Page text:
Second question that I got was from someone who was interested in learning more about our treatments, who is asking that, she had had surgery for her joint, could this treatment still be helpful? So there’s layers to this question. The first question is obviously what kind of surgery did they have, and then in addition, what’s actually their pain? So I gave an example, I believe last week, on this same broadcast, about how someone who’d had hip replacement surgery had persistent hip pain, and it turned out that his hip pain was actually coming from his SI joint. So in that kind of case where someone’s had surgery, if they still have pain, the exact same pain, perhaps their pain is coming from a different structure. In which case, yes, they can still benefit from treatment because the area that’s already been treated was not actually their pain generating structure.
Number two, let’s say someone’s actually had treatment. Let’s say arthroscopic surgery for the knee or some kind of surgery for the back, and they’re still having pain. Why would they still be having pain, or is the pain different than what they’ve had before, and can they benefit from treatment? So, number one, let’s say someone who’s had arthroscopic surgery, they’ve had some benefit from treatment initially, but they’re still having some discomfort or progressive pain. So that can happen for a number of reasons. Number one, again, their pain is not coming from just that one area that’s been treated. They may have pain that’s coming from chronic instability in the joint. And in which case that’s not something that’s going to get naturally better with routine arthroscopic washout kind of surgery, but can still get better from the regenerative treatments that we offer, whether that’s platelets or bone marrow or even prolotherapy, where if you can improve some of the instability in a soft tissue structure, that that person’s pain and functional impairment may actually get better.
Number two is if you’ve treated an area with surgery, let’s say a lumbar fusion, they can still get what’s called adjacent segment disease, where the areas above and below what’s been treated can still get stressed. And that’s expected in the sense that if you have a surgical procedure that fuses a segment, you still will have the same normal forces and weight that’s going through that area. And instead of now being taken up by that area that’s been fused, it’s now offloaded to the area above or below. And so people can then develop that same degenerative process in that area above and below. Or in some of the soft tissue components over that same segment that had already been fused. And so in that kind of person, now they can still benefit from treatment because now you’re treating those other segments that are now being stressed. Not to mention those same ligaments that were previously in that segment that’s already been fused, those ligaments may be taking on more stress. Just because you’ve taken it off one structure, the other structures around it are now still having to take on the load. So in someone that’s had surgery, if they’re still having pain, yes they can still respond to treatment if their pain is coming from a different structure or if their pain is coming because now the stress has been offloaded to other structures.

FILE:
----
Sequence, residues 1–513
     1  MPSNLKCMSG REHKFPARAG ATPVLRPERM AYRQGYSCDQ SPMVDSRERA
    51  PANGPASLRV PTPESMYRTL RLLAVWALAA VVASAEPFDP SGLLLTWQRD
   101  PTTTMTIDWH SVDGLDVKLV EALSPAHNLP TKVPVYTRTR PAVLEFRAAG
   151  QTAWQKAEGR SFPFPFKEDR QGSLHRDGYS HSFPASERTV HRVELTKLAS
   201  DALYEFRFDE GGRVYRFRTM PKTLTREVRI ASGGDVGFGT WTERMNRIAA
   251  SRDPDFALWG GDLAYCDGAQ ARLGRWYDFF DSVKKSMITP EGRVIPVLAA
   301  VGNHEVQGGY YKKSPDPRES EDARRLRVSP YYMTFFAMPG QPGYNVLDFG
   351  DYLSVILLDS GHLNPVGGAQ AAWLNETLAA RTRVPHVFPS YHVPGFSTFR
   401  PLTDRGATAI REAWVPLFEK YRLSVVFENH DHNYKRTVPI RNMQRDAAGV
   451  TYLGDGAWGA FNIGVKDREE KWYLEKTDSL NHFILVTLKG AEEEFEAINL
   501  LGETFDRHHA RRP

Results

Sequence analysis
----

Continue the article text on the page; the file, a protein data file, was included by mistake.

So the short answer is yes it’s possible to get benefit from treatment, but the more nuanced answer is, why do you still have pain, what structures are involved, and what else can be helped? Now, without a doubt, if you have, let’s say, something like a knee replacement, and if you still have pain, not only consider is the pain coming from another structure, but you would also want to make sure with your surgeon that there isn’t anything wrong with the hardware that’s in place. That should always be step one. But then also consider whether other structures are problematic. So the more nuanced answer is, get to more of the details and the why, but the short answer is yes you may be able to still benefit from treatment.
Well, this was a shortened version of this week’s educational meeting. I hope those two issues are ones that, if people have been thinking about them or having questions, I hope that gives some additional explanation and answers. And until next week I hope everyone is doing well. Be safe, be healthy, have a good day and live well. Bye bye.
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***About this video***
In this video Siddharth Tambar MD from Chicago Arthritis and Regenerative Medicine discusses expectations post regenerative procedure for arthritis, tendinitis, injuries, and back pain. And also whether prp or bmac treatment can help after a prior surgery?